Deeper Dimensions

In 1861, most of the nation’s 31 million people lived in relative peace and prosperity, scattered in cities and small towns all across America.  By 1865, everything had changed.  The nation had paradoxically torn itself in two, in order to become one.  Approximately 624,511 men had died in a devastating Civil War.  Roughly two percent of the population.  Killed by the arithmetic of war.  A number so huge, that the real figure may never be fully known.  As many as the combined total of every American war combined.  For those left behind, one war was over and another was just beginning.  The survivors, particularly in the South, went home and had the difficult task of, not only struggling to get on with the business of living, but also, having to learn to cope with the trauma of their war experience; and with a new world that was being shaped by forces that seemed as complicated as they were new.  The changes were political, social, economic, and psychological.  The psyche of the nation had its consciousness altered profoundly having experienced wholesale carnage and slaughter on level that no one had known, nor could have imagined before this moment.  Consequently, many public service institutions and relief societies were pushed to their limit and found themselves drowning in the desperate needs of many.  And certainly this was true of Lunatic Asylums.  The problems that they faced were not just a matter of resources, but also the problems of space.  In “The Linear Plan for Insane Asylums in the United States before 1866, by Carla Yanni and “Public Welfare in the South during the Reconstruction Era, 1865-80 by John Hope Franklin we get a clearer portrait of what forces shaped the effectiveness of these institutions during this period.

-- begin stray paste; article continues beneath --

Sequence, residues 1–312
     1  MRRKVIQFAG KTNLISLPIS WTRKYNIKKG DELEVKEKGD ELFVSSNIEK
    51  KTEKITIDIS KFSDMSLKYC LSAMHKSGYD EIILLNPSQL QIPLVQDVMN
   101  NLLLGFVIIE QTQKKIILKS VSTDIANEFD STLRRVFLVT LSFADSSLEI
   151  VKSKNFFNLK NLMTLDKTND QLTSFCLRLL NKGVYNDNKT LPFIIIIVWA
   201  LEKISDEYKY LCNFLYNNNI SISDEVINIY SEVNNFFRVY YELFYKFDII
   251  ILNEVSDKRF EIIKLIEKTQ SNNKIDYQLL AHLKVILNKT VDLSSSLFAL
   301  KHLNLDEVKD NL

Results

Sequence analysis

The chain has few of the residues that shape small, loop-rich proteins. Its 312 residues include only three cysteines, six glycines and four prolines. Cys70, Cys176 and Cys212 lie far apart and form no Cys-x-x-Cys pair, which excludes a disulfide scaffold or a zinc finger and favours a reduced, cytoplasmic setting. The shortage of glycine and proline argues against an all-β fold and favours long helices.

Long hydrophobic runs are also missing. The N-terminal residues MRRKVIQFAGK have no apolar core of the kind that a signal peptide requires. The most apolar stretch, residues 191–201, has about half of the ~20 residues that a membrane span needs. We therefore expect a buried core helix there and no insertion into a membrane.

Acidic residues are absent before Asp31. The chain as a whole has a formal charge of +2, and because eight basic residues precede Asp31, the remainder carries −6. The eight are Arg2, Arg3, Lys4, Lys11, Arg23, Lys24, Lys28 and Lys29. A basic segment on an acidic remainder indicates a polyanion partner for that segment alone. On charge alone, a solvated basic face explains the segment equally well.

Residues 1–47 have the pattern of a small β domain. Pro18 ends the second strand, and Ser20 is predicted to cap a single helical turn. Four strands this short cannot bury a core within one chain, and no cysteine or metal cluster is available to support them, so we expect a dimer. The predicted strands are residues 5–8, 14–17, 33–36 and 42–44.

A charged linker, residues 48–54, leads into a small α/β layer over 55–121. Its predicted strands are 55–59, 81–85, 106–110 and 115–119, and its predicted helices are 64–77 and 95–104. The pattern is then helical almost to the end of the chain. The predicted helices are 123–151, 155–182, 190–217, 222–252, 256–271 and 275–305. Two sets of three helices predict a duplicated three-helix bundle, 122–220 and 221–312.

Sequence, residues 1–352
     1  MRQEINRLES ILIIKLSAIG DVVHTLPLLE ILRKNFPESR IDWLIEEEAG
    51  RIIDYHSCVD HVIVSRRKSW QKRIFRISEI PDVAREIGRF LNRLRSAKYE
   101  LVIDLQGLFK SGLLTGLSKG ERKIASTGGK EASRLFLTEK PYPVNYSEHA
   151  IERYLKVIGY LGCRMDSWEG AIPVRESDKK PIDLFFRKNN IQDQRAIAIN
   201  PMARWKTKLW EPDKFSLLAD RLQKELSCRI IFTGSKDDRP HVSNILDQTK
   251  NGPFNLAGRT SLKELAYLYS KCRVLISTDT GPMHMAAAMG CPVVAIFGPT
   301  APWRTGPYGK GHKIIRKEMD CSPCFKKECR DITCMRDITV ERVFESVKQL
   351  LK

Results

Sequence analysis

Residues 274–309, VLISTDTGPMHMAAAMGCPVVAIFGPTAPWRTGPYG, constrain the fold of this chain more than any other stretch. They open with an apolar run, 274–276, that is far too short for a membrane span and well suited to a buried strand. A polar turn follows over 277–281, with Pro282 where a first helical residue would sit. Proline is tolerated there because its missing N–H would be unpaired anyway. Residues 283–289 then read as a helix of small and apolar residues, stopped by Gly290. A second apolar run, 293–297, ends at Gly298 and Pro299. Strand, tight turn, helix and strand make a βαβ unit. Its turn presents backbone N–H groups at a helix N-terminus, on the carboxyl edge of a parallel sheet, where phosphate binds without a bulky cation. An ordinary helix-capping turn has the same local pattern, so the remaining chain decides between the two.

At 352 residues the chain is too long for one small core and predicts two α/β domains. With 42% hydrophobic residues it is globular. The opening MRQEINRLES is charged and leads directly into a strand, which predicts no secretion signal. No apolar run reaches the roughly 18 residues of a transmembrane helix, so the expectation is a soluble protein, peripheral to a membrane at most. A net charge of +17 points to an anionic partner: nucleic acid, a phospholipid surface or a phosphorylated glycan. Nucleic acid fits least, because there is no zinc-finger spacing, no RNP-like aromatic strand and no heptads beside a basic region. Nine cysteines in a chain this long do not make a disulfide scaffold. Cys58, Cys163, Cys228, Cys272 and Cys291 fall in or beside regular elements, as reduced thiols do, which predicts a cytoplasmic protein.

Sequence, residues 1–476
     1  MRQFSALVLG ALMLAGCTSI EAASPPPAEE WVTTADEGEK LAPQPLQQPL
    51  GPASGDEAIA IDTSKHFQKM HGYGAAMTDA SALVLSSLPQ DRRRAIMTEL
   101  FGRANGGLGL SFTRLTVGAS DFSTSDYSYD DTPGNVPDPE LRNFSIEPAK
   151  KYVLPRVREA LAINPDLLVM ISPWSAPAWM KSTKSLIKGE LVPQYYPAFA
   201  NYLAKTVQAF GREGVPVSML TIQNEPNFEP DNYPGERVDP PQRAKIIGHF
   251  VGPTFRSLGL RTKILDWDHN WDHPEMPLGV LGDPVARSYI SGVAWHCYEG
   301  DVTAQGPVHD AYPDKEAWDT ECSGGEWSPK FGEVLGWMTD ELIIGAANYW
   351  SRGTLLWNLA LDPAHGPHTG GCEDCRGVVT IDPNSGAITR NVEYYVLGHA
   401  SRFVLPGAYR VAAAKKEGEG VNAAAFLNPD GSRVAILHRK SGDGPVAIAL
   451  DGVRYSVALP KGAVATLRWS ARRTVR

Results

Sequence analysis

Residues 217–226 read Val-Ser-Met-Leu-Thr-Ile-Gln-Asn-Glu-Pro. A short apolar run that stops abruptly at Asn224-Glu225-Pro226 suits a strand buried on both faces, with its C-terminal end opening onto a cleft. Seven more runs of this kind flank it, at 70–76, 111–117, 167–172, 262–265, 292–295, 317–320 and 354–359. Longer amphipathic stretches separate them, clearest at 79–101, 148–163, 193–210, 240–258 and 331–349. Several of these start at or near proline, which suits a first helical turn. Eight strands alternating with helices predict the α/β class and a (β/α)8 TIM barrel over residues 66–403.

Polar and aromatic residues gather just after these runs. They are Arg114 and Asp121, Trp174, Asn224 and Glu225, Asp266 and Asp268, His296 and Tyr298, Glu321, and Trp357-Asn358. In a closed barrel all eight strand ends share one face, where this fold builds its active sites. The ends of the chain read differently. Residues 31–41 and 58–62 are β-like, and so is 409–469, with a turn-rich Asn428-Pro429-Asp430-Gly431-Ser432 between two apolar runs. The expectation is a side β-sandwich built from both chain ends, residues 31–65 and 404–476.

http://www.jstor.org/stable/3655082;http://www.jstor.org/stable/30021737

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